Our morning cafecito is a beloved tradition stemming from a long-standing history in Latin American of cultivating coffee specifically in Colombia and Brazil. Each country has their own version of making coffee and they’re all different but equally delicious so we wanted to highlight some of the most popular styles from throughout LATAM. If you’re on the hunt for the world’s best coffee, look no further. Here are six countries in Latin America that originally stepped up and mastered art of coffee making.
Colombian coffee is sometimes referred to as a weak coffee, however; it is the second largest producer of coffee worldwide. Colombian coffee has medium acidity with sweet, caramel flavors. It’s flavor comes from the coffee shrub, Arabica also known as “Arabian coffee.” The locals in Colombia “cherry pick” their coffee beans by hand, as opposed to other producers who use machines. The process is as follows: coffee pickers examine trees every 10 days or so and they are able to harvest up to 90 kilos of coffee a day.
Costa Rican Coffee
Costa Rican coffee has a variety of flavors, because of the different areas in which it’s grown. Flavors range from fruit to chocolate and everything in between. The taste is so unique that it’s difficult to replicate. Costa Rica also has eight coffee growing regions: Tarrazú, Brunca, Valle Occidental, Tres Rios, Turriabla, Brunca, Orosi, Guanacaste. The diversity of climates and changes in humidity give each region distinct flavors, so you can enjoy Costa Rican coffee eight different ways. Though it was previously illegal to produce any other coffee but Arabica, in 2018 they lifted the ban and started producing robusta varieties.
Brazil’s coffee production is huge producing about a third of the coffee sold around the world. Many people believe that Brazil is known for their espressos but Brazilians actually make specialty-grade coffees that are high-quality with unique flavors like chocolate and nuts. If you have a Brazilian bag of coffee in your pantry, check the info, you may find that it is from one of the seven coffee-producing states: Minas Gerais, São Paulo, Espírito Santo, Bahia, Paraná, Rondonia, or Rio de Janeiro.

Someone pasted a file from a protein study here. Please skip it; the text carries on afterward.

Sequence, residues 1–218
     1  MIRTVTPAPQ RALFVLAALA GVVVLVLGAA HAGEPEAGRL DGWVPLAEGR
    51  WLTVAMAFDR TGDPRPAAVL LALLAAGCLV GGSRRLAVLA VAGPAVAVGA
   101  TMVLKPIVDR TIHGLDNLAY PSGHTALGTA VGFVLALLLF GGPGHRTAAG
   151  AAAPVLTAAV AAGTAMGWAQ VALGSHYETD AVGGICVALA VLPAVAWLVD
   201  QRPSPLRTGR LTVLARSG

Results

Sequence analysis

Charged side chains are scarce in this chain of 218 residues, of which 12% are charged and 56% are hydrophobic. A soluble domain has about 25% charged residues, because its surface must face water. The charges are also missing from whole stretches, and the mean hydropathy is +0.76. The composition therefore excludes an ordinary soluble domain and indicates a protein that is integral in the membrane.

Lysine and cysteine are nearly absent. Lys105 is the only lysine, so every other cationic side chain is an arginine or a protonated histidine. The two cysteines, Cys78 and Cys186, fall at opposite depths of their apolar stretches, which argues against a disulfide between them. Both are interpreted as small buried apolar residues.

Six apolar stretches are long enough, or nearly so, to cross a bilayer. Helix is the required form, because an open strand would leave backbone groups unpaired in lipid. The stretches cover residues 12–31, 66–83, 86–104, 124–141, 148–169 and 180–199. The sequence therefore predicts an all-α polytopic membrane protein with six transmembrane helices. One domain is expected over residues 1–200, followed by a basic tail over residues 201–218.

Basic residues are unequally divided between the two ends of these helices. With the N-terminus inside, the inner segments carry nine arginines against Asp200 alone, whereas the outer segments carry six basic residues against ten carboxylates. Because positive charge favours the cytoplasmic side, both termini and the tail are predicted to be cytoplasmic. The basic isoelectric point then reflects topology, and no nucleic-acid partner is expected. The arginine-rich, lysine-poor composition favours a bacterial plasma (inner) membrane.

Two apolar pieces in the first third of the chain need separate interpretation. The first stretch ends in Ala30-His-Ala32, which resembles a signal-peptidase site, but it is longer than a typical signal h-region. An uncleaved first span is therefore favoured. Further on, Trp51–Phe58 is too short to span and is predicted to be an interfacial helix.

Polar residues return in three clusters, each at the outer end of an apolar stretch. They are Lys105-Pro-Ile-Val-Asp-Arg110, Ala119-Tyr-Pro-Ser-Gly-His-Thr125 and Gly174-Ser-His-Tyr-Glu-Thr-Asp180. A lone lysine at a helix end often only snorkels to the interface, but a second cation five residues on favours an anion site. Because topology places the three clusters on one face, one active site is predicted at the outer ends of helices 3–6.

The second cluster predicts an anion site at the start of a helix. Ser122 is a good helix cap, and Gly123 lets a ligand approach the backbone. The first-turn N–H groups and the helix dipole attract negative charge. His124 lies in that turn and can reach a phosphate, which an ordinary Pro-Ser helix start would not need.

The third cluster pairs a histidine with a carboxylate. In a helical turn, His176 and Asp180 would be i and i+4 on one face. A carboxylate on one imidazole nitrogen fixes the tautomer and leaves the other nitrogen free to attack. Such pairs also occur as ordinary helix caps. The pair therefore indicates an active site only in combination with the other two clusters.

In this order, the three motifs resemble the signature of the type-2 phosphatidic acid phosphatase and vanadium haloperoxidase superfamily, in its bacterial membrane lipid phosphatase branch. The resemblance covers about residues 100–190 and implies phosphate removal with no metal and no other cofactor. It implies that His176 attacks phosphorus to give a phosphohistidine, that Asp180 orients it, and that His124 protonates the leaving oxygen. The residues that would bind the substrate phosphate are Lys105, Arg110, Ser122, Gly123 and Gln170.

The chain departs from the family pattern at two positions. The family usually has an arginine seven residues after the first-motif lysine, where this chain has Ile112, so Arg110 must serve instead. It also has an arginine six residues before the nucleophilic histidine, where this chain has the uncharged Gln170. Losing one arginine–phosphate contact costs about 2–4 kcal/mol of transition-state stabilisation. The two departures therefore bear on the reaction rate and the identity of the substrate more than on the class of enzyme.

Venezuela only produces about 1 percent of the world’s coffee. Although there are several areas in Venezuela that grow coffee beans, the most famous are the Maracaibos coffees which get shipped through the Maracaibo port near the Andes mountains. Cafe Guayoyo is one of the most common brewing methods among Venezuelans. It involves brewing your cafe with a “sock” mechanism and no, you don’t use real socks. Instead of using a pour-over and fancy ceramics, they use a stand and fabric filter.
Peruvian coffee has a mild acidity with hints of vanilla and is usually on the cheaper side but it’s also very difficult to find. In 2015, Starbucks actually released seasonal Peruvian coffee introducing many to the Peruvian flavor. You also may have heard of Peruvian coffee being known as “poop coffee” because one of the more expensive variations is made by having an animal (usually a coati, a tropical raccoon-like animal) eat coffee cherries, poop them out, and coffee pickers gather them up and wash them thoroughly. When shopping for Peruvian coffee it’s important to make sure its 100 percent Arabica and organic.
Like, Peruvian coffee, Ecuadorian coffee is mostly consumed among the locals. It has sharp acidity and is usually grown right next to other crops such as plantains, mangos, cacao. Because of this, the coffee may have unique flavors and is mostly used for blending. The growth of coffee production in the country has actually opened up more opportunities for work and small, family-owned farms are benefiting from this coffee movement.